Tens of thousands of people will lose their jobs within weeks unless Congress extends one of the more effective job-creating programs in the $787 billion stimulus act: a $1 billion New Deal-style program that directly paid the salaries of unemployed people so they could get jobs in government, at nonprofit organizations and at many small businesses.
In rural Perry County, Tenn., the program helped pay for roughly 400 new jobs in the public and private sectors. But in a county of 7,600 people, those jobs had a big impact: they reduced Perry County’s unemployment rate to less than 14 percent this August, from the Depression-like levels of more than 25 percent that it hit last year after its biggest employer, an auto parts factory, moved to Mexico.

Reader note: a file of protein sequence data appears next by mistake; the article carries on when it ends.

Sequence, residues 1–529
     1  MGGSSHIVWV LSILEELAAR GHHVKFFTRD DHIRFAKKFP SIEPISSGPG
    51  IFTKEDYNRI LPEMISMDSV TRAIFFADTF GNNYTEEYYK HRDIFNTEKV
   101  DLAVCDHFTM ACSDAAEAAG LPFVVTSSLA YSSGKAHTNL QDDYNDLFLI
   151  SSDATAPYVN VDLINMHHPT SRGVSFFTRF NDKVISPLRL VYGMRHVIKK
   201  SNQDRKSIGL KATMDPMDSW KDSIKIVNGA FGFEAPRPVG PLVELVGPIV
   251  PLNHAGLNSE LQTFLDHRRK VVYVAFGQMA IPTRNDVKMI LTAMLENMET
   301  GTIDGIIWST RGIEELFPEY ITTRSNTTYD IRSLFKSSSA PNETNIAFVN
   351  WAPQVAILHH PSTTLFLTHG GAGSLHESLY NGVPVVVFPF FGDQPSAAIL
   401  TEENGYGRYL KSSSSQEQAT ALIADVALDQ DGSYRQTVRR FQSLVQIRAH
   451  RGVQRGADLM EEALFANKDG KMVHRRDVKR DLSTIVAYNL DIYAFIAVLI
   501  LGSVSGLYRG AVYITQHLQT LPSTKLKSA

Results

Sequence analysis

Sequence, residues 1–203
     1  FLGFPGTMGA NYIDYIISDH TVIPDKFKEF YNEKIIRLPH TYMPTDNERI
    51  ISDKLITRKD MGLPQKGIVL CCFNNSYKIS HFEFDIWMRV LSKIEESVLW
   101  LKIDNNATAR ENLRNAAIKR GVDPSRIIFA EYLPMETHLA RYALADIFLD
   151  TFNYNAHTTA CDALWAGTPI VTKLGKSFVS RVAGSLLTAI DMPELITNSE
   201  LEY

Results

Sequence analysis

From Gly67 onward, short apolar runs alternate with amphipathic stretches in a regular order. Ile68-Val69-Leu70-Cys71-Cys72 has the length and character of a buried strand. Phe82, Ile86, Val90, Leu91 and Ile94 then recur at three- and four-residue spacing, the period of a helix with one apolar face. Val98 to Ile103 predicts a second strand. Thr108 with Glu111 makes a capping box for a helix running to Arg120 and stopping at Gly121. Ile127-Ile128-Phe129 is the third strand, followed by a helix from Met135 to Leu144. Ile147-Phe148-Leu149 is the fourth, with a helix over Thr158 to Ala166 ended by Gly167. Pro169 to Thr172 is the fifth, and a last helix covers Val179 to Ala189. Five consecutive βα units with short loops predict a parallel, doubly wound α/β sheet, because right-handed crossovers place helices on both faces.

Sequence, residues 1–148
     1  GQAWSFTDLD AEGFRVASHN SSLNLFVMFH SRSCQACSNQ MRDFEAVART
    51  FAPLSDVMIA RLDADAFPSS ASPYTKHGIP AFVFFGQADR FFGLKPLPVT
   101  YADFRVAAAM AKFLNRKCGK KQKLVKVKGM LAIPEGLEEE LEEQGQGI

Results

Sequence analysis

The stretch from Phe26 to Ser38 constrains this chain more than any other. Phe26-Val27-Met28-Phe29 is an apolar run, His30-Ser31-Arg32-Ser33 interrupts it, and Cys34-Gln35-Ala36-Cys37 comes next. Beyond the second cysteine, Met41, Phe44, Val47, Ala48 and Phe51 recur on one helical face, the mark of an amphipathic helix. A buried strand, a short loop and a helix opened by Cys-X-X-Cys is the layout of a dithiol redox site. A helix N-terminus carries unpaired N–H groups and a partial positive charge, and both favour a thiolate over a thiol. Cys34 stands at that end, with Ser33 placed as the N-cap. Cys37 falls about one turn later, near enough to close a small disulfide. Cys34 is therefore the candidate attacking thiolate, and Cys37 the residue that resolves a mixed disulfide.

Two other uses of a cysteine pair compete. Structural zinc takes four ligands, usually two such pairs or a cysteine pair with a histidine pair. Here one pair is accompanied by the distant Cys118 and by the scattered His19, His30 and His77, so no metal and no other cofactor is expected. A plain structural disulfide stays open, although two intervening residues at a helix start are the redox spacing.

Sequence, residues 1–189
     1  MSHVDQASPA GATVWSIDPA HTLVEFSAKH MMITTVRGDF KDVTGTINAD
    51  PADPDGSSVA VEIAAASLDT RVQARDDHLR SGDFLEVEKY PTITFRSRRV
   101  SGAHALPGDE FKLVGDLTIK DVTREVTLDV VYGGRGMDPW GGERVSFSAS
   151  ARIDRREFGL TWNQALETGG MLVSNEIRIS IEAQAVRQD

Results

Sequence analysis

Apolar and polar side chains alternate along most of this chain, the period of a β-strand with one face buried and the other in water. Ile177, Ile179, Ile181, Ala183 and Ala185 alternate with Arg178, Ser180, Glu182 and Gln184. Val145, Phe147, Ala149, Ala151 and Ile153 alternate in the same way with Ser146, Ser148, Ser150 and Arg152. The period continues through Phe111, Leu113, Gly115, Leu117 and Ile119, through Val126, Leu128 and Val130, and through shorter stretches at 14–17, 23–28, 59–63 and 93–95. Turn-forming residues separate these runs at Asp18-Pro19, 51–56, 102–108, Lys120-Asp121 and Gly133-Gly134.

If the stimulus program ends on schedule next week, Perry County officials said, an estimated 300 people there will lose their jobs ”” the equivalent of another factory closing.
“It’s very scary, because there’s just no work,” said Brian Davis, a 36-year-old father of four, who got a stimulus-subsidized job with the City of Lobelville after he lost his job of 17 years at an auto parts plant that shed hundreds of jobs. Now he faces the prospect of unemployment again.